Who does not want to stop buying expensive creams and give up painful injections? In recent years collagen capsules have starred in the worlds of grooming and many women consume it as part of their daily grooming routine. Some of the virtues associated with magic balls, among others, are helping to firm the skin, adding moisture and elasticity, reducing wrinkles and anything that will help us look young and fresh.
Pharmaceutical manufacturers have taken care to equip the shelves in collagen boxes well. The world of paramedical cosmetics is rolling in billions and not for nothing, who doesn’t want to look younger and with a minimum of effort? Last night the savings plan published an experiment conducted by the Davidson Institute in order to understand what is really in these capsules and whether they are effective.
What is collagen? Collagen is one of the important proteins for the development of body systems in general and the skin in particular. Collagen protein is found in all parts of the body including bones, skin, muscles and blood vessels. About 80% of the proteins in the facial skin are collagen, but age does its thing and as the skin ages the body produces less and less collagen. At age 60 we have about half the collagen we had in our 20s. Hence the need to produce the collagen and consume it daily by capsules.
In an experiment conducted at the Davidson Institute, Roscoe collagen capsules underwent a process that mimics their effect on the human body and the results were tested. During the experiment it was found that what at the end of the process is digested in the body are peptides, small protein particles that until they are absorbed in the body are already basically equal to any other protein we consume.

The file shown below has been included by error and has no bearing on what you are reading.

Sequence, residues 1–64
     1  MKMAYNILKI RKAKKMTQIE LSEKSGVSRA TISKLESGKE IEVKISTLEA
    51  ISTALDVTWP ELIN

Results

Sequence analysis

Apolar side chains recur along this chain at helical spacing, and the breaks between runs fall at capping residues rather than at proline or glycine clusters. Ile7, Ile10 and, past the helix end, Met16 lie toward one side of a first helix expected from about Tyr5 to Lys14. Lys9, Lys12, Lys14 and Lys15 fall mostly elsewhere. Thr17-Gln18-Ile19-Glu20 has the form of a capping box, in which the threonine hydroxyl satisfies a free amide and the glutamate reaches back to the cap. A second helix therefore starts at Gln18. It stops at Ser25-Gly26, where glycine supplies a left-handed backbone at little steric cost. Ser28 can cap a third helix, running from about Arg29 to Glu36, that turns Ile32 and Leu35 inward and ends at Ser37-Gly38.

This means that collagen protein is equivalent to other proteins we get from our foods that we consume daily, and has no special value when consumed in the form of a capsule purchased at the pharmacy. The test actually found that the more effective way to use collagen is actually as a product for application on the face or in cosmetic treatment. In these cases there is a higher possibility that the collagen will penetrate the skin better.
“Still lacks reliable information”
The Davidson Institute notes that there are not yet enough studies in this area to ensure that the amount you spent on collagen is indeed worth it. “In order for us to recommend to our patients to consume or not consume, we need information and evidence.based medicine. What do we have so far? Mostly observational studies. It is not enough,” says Dr. Arnon Shachar, a family medicine specialist at Maccabi Health Insurance Fund. “More reliable information so we can recommend or not recommend whether to consume the capsule.”
Bottom line, there is no clear answer to the burning question of what can stop time and its consequences on our facial skin. What is certain is that sometimes with the help of healthy foods rich in vitamins that cost less and are consumed naturally and daily, we can get much more and keep facial skin clean and rich.